On the surface, it doesn’t seem as though Todd Haley fits in with the Steelers’ way of doing things. He’s a little too eccentric for a blue-collar team.

Haley is fiery and intense, but so is Steelers head coach Mike Tomlin. That would seem to be a good thing, but don’t they say that opposites attract? This isn’t exactly yin and yang. Arians was much cooler and calmer — it’s possible that he and Dick LeBeau balanced out the energy of the staff with their milder manners.

His hot temper could have been a reason why Tomlin might not have wanted to hire Haley. He was happy with Arians, but Tomlin’s bosses weren’t. Why? I don’t know. Pittsburgh’s offense was solid year in and year out under Arians. The numbers weren’t off the charts in 2011, but they were still better than average despite having sub par talent in the backfield and on the offensive line.

Let’s face it — Arians was the scapegoat after a tragic end to the season. General manager Kevin Colbert has failed to improve a bad line in recent years, and Rashard Mendenhall isn’t the answer to the running game’s problems.

What’s strange about the decision to go with Haley is that Steelers president Art Rooney spoke last month about wanting to “shift the offense back toward its blue-collar identity of years past.” That, of course is a horrible idea in the modern NFL. With all due respect to Rooney, the Steelers would be better off if he were to let Colbert and Tomlin designate the identity of both the offense and defense. The emphasis on passing wasn’t the issue here.

The good news is that Haley, again, isn’t a blue-collar guy. And in Kansas City and Arizona, he did not run blue-collar offenses. He took heat for not giving home-run-hitting running back Jamaal Charles the ball enough in KC, and he didn’t even recognize the existence of his running backs while with the Cardinals. The Chiefs didn’t throw it a lot the last three years, but they still took more shots than I expected them to given the personnel on offense. And only the Saints had more pass attempts than the Cards during Haley’s two-year reign over the offense in Arizona.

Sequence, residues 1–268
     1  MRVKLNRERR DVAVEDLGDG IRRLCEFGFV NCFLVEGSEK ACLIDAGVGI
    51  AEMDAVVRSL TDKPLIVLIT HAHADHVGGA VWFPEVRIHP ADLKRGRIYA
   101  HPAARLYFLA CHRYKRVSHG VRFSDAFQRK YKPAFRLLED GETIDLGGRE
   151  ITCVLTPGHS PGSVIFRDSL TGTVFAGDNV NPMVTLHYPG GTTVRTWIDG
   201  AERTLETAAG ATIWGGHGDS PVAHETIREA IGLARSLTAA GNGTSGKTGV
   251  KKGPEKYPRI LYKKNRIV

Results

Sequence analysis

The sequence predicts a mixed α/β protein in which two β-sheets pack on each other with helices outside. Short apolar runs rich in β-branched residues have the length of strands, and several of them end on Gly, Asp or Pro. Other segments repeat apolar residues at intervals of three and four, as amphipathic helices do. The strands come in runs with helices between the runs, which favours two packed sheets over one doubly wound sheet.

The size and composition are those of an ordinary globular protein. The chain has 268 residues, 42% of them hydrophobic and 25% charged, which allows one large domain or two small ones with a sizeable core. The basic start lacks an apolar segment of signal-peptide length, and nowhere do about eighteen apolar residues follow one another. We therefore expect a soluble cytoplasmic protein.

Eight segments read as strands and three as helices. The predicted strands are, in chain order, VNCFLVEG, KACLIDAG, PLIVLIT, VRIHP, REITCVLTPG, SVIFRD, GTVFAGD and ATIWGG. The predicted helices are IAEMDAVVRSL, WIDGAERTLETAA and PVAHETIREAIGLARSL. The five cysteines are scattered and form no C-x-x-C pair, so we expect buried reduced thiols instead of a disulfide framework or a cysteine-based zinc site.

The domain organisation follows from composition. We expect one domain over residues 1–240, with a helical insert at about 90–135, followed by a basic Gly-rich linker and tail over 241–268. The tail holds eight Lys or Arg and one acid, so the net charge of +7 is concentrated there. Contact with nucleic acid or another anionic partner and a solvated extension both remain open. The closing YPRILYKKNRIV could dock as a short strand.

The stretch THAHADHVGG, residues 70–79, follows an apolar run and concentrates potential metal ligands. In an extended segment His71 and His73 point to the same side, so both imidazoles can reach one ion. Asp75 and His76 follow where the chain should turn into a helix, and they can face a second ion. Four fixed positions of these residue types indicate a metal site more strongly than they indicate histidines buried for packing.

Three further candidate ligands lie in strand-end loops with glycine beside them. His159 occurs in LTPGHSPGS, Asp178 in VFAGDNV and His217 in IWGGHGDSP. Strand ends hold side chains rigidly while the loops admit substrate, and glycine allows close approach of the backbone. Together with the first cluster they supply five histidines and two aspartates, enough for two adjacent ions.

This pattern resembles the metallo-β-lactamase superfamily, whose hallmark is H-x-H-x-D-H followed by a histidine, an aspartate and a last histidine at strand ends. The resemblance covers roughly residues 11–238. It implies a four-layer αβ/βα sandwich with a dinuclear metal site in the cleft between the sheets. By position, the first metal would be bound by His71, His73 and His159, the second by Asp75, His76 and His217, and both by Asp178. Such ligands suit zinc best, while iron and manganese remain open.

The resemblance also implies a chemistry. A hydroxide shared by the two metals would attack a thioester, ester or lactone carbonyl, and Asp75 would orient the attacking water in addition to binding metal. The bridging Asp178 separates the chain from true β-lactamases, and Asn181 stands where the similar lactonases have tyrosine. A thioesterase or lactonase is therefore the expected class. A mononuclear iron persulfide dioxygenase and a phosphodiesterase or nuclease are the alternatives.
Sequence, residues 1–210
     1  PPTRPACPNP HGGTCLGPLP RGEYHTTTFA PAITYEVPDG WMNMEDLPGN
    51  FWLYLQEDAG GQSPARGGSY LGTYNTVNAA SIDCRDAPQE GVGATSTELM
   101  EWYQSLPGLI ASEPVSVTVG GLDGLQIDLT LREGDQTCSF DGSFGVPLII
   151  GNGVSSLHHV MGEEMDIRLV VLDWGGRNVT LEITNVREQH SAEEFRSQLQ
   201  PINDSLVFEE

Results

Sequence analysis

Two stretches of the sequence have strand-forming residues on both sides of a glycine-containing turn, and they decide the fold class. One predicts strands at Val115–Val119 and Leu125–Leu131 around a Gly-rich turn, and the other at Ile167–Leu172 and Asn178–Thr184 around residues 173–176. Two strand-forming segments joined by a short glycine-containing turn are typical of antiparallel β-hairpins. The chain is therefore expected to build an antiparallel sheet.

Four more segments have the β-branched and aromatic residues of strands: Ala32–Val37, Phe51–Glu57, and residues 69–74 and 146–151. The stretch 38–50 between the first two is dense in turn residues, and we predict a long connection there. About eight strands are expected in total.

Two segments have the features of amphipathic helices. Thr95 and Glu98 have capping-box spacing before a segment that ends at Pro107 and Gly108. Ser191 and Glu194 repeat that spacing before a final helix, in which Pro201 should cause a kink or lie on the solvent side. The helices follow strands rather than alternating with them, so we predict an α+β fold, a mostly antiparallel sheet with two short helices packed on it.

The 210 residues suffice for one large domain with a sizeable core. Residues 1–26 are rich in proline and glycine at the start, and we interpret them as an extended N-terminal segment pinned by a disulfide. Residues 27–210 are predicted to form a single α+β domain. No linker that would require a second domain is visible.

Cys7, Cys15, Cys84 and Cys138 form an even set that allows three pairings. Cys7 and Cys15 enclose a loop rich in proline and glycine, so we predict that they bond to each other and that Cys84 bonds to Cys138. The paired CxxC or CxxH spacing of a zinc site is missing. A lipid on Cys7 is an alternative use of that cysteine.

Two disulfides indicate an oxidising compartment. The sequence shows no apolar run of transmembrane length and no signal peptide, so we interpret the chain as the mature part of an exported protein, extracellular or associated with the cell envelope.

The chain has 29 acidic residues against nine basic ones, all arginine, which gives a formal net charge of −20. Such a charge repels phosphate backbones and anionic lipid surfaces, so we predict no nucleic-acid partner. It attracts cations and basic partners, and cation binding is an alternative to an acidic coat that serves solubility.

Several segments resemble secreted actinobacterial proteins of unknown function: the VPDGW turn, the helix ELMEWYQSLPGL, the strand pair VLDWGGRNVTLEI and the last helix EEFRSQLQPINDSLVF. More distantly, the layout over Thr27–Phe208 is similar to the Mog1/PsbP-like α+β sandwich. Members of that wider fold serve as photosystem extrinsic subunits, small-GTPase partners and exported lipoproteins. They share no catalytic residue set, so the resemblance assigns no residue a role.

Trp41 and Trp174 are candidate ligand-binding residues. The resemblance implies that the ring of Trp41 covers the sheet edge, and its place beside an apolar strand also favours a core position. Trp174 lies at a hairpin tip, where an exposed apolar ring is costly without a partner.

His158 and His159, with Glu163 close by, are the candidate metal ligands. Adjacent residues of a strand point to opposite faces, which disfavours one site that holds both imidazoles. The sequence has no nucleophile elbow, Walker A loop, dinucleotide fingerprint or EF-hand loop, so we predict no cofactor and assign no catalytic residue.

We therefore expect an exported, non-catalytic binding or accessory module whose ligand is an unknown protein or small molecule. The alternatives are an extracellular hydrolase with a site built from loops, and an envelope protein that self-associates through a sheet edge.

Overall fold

Before that, he was in charge of receivers and passing games. He’s never dealt closely with backs or lines or anything related to the trenches.

People can change, but I don’t get the feeling Haley’s overly flexible when it comes to his offensive philosophy. With Ben Roethlisberger, Mike Wallace, Antonio Brown and Emmanuel Sanders to work with, I’d imagine the balls will still be flying with Haley in charge in 2012.

So either Rooney stubbornly thinks an equally stubborn man can change, or he’s rethinking that blue-collar direction.

Which has us wondering how much of a role nostalgia played here. Did Rooney just step on his GM and head coach to give a job to a man with a history with the team? After all, Todd’s father Dick was the team’s director of player personnel in the 1970s and 1980s. And Todd Haley himself was a ball boy with the Steelers while growing up in Pittsburgh.

Hiring a guy as a courtesy isn’t something NFL teams can afford to do. It’s not clear what happened here, but Haley wouldn’t seem to suit this team if not for his Steel City background. On the bright side, he might have the aerial-oriented mind to make things work regardless.

The risk is that he might be irascible enough to rock the boat.